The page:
The Consumer Financial Protection Bureau may be preparing to ban mandatory arbitration clauses in consumer finance agreements, Bloomberg News reported on Friday (March 20).
That’s in the wake of a three-year, 728-page study published by the CPFB this month that confirmed what opponents of the clauses have been saying for a decade: Mandatory arbitration doesn’t help customers much, but does block expensive lawsuits against banks. The clauses require customers to use arbitration, not the courts, to resolve disputes, and also requires them to waive their right to be part of class-action lawsuits.
Of the 50 largest U.S. banks (measured by domestic deposits), 28 (or 56 percent) require checking account holders to submit disputes to arbitration, including JPMorgan Chase and Wells Fargo. Of the next 50 biggest banks, 15 (or 30 percent) do so, according to a 2012 study by Pew Charitable Trusts. That made it possible for the CFPB study to compare the effects of having and not having the clauses.
While arbitration is touted as a win-win situation for banks and consumers because it cuts out legal costs associated with lawsuits, it also eliminates most small claims, the CFPB found. Only 52 arbitration claims under $1,000 were filed in 2010 and 2011, and consumers won relief in only four of them.
Of the other 1,008 financial-product arbitration disputes filed in 2010 and 2011, consumers received a combined $175,000 in damages and $190,000 in debt forbearance. The cases also resulted in consumers being ordered to pay $2.8 million to financial companies, most of it to cover disputed debts.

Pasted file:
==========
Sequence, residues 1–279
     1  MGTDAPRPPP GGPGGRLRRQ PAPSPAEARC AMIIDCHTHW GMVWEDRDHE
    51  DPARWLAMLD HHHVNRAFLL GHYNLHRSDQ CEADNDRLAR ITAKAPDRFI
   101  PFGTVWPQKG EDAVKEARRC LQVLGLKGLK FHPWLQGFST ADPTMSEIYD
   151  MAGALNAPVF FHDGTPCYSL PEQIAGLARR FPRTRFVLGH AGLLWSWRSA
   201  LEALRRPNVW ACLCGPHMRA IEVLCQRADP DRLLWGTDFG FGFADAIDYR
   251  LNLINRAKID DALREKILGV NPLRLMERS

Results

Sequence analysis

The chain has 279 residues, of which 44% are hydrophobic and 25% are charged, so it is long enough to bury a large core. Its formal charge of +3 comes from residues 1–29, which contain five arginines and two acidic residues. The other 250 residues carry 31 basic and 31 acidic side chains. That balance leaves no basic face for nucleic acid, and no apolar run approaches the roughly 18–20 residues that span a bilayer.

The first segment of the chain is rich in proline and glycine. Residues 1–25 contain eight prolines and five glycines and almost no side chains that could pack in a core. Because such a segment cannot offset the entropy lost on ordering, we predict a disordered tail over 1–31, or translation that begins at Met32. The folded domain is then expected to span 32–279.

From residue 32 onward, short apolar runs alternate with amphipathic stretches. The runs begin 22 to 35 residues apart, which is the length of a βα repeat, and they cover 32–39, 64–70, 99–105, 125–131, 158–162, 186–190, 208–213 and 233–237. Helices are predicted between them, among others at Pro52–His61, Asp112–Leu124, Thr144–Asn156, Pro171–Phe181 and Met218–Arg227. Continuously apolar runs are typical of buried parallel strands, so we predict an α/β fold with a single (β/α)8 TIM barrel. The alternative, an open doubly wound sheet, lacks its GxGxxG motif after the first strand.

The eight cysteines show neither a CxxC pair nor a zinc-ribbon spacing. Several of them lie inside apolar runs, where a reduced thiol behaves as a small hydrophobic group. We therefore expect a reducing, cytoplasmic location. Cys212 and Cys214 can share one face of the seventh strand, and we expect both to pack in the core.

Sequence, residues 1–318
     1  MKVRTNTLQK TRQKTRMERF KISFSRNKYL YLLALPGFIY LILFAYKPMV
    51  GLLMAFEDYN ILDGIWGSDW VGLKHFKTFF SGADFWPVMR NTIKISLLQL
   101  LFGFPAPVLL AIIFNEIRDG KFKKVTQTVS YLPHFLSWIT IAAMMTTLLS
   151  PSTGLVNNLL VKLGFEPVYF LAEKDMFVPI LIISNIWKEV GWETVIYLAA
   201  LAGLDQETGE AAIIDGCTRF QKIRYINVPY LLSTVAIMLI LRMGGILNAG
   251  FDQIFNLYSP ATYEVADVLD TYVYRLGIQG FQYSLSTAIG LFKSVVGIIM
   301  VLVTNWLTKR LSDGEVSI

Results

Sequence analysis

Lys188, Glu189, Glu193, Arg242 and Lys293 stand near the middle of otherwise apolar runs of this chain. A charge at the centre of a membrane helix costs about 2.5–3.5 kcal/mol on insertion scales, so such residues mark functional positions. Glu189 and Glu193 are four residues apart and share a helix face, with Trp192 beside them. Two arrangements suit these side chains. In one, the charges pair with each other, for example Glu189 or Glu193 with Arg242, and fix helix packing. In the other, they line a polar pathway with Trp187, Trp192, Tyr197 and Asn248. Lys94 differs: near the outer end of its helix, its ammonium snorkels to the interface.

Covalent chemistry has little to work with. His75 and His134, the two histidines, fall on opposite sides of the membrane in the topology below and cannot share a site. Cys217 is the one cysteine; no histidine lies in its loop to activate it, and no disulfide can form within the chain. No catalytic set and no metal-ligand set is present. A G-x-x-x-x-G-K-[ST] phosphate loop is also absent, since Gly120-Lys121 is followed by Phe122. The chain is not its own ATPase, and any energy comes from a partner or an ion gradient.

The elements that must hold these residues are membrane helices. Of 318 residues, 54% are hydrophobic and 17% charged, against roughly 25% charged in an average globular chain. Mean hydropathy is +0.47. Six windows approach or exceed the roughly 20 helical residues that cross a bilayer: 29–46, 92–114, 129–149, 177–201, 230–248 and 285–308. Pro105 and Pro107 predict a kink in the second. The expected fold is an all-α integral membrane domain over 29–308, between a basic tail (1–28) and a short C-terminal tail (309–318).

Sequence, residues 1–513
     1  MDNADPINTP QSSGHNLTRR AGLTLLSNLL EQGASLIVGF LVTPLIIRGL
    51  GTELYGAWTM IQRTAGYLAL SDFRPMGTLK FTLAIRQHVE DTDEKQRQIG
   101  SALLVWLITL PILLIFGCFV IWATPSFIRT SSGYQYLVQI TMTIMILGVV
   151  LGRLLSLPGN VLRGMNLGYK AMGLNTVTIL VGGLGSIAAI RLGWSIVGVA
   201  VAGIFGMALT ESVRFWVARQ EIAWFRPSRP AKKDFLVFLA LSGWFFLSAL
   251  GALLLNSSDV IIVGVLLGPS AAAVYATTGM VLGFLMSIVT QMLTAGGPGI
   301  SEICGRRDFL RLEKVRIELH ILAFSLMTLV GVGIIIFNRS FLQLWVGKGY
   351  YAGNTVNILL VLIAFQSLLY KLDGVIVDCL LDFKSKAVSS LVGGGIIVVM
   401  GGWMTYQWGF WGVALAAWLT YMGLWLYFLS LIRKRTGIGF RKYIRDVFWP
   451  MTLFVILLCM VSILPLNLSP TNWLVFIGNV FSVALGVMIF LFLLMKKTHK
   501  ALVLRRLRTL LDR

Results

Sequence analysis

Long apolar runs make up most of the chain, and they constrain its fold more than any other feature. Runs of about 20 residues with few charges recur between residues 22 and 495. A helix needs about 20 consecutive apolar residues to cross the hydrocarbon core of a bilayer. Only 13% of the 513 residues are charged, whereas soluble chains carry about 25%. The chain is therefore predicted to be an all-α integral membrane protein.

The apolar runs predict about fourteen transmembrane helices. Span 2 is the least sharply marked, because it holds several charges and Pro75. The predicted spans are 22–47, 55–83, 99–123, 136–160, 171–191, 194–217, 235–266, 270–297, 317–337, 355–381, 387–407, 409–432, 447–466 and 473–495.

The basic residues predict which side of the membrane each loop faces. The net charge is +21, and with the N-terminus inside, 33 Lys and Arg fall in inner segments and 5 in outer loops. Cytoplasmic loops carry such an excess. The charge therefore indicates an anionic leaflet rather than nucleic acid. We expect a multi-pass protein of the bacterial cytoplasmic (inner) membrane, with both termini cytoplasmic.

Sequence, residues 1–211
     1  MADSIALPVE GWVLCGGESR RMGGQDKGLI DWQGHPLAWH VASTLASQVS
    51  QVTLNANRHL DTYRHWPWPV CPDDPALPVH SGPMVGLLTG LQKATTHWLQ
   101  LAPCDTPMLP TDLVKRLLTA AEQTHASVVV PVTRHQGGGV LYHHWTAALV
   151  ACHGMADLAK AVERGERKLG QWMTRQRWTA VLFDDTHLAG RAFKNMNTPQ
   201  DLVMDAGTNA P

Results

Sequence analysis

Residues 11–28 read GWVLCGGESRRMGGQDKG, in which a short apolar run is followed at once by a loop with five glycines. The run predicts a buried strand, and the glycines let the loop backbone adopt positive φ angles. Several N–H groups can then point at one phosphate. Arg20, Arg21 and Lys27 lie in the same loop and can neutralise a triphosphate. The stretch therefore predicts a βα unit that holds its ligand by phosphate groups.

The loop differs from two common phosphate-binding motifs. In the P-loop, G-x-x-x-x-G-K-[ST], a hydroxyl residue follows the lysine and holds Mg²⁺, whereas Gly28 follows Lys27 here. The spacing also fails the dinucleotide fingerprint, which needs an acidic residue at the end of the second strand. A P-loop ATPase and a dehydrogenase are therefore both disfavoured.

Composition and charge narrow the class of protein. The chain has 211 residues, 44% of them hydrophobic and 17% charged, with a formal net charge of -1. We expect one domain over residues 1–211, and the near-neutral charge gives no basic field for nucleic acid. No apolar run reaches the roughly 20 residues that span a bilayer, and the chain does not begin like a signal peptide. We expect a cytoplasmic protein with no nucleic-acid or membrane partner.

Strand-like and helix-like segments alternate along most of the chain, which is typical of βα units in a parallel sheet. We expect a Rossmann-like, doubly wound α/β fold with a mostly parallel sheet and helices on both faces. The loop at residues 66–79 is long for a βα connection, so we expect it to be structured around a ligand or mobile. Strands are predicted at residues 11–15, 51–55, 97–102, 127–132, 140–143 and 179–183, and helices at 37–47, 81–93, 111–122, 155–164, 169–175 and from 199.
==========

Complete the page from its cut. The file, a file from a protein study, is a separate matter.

But in cases where class-action lawsuits were not banned by the clauses, about 32 million consumers each year were eligible for financial relief over a five-year period, the CFPB found. The settlements were worth $2.7 billion in total, with about 18 percent ($486 million) of that going to lawyers and the remainder (more than $2.2 billion) going to consumers.
Exactly what the CFPB may propose isn’t yet clear. The bureau could ban mandatory arbitration clauses in consumer finance contracts outright, or it might only do away with the clauses that block consumers from participating in class-action lawsuits. “These arbitration clauses restrict consumer relief in disputes with financial companies by limiting class actions that provide millions of dollars in redress each year,” CFPB Director Richard Cordray said in a prepared statement. “Now that our study has been completed, we will consider what next steps are appropriate.”
The CFPB was required to complete the report before issuing new regulations, but that will undoubtedly not be the end of the road. The rule-making process and the fight with banks, the U.S. Chamber of Commerce and other arbitration-clause supporters could drag on for years, according to Bloomberg.